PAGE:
Criminal Motivation in Robert Agnew's General Strain Theory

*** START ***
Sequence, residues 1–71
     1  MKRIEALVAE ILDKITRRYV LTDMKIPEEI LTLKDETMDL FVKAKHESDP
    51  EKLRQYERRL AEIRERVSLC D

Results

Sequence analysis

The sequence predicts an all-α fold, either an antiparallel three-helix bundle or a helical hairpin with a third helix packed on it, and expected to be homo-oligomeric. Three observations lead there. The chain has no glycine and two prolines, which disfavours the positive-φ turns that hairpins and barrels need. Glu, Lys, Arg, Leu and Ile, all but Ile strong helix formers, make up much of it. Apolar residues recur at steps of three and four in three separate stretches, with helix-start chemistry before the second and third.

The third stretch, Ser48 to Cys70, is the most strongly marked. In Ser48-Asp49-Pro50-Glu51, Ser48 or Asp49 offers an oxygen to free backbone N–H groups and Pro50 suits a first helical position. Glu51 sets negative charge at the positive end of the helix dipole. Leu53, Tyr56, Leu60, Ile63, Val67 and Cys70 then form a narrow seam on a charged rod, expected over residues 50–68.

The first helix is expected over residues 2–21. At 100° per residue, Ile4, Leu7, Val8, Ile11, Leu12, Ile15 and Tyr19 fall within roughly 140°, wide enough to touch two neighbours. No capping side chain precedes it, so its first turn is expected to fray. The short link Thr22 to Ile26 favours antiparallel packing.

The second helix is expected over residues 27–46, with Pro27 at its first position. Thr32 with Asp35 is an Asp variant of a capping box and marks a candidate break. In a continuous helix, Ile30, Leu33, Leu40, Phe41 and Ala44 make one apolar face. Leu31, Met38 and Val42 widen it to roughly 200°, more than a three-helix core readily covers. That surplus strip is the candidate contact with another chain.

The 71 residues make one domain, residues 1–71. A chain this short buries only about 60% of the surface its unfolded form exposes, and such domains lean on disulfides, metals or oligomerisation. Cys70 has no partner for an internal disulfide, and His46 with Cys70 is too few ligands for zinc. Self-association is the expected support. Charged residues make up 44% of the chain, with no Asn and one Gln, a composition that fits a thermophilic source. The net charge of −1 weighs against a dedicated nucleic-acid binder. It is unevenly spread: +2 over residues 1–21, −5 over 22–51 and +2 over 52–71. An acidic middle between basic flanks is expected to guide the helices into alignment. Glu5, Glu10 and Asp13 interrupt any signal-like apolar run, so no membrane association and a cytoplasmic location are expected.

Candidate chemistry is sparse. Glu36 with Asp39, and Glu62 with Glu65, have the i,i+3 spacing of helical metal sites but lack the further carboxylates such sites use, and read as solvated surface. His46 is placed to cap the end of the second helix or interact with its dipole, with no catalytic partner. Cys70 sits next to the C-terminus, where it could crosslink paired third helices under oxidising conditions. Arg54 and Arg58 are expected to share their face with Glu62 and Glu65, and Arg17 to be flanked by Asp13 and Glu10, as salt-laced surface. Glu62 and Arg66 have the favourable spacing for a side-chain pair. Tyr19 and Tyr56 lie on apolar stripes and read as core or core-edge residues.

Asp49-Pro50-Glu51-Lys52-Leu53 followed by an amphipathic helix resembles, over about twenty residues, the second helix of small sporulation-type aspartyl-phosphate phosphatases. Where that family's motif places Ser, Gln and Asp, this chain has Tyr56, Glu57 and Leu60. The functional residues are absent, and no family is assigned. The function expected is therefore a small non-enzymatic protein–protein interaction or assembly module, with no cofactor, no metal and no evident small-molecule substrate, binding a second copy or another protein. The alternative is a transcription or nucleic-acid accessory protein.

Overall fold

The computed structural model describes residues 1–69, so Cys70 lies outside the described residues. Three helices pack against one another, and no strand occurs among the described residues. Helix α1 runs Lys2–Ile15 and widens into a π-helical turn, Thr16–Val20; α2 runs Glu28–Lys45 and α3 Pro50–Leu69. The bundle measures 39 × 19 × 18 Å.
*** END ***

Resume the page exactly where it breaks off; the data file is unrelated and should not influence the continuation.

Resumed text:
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Criminal Motivation in Robert Agnew's General Strain Theory Robert Agnew’s General Strain Theory (GST) argues that strain or stress is the major source of criminal motivation. He expands upon Merton’s Anomie Theory of strain and stress to include several causes of strain or stress. Agnew categorizes 3 types of strain that produce deviance: the failure to achieve positively valued goals, the loss of positive stimuli, and the introduction of negative stimuli. There are several different actions that can be taken to correct the strain in order to curb deviance, including exercise, counseling, and advocacy programs. Furthermore, we will also look at how this relates to domestic violence. As first mentioned there are 3 categories to Agnew’s theory. The first category, the failure to achieve positively valued goals, suggests that “communities… may affect crime rates by influencing goals that residents pursue and the ability… to achieve such goals through legitimate channels” (Agnew, 1999). This category includes 3 subcategories: the failure to reach ideal goals, the failure to achieve expectations, and the failure to be treated in a fair and just manner. The failure to reach ideal goals also includes personal inadequacies in abilities and skills in achievement of immediate goals. The second subcategory, the failure to achieve expectations will in turn develop into “anger, resentment, and disappointment” (Akers, p159). This idea relies on the outcome of the person’s behavior. Strain is augmented when the actual accomplishments of a person are less than what was anticipated. The last, failure to be treated in a fair and just manner, is a result of differences between a person’s personal view of what should happen and... ... middle of paper ... ...g strategies will help a person deal with stress in a non-criminal manner. It’s also suggested that domestic violence is caused by both stresses from inside the home, and those acquired from social relationships. Bibliography: References Agnew, Robert. (1992). Foundation for General Strain Theory of Crime and Delinquency. Criminology: Volume 30, Issue 1 (p47-87). Agnew, Robert. (1999). A General Strain Theory of Community Differences in Crime Rates. Journal of Research in crime and Delinquency: Volume 36, Issue 3 (p123, 33p). Brezina, Timothy. (1999). Teenager Violence Toward Parents as an Adaptation to Family Strain. Youth and Society: Volume 30, Issue 4 (p416, 29p). Broidy, Lisa; Agnew, Robert. (1997). Gender and Crime: A General Strain Theory Perspective. Journal of Research in Crime and Delinquency: Volume 34, Issue 3 (p275, 32p).

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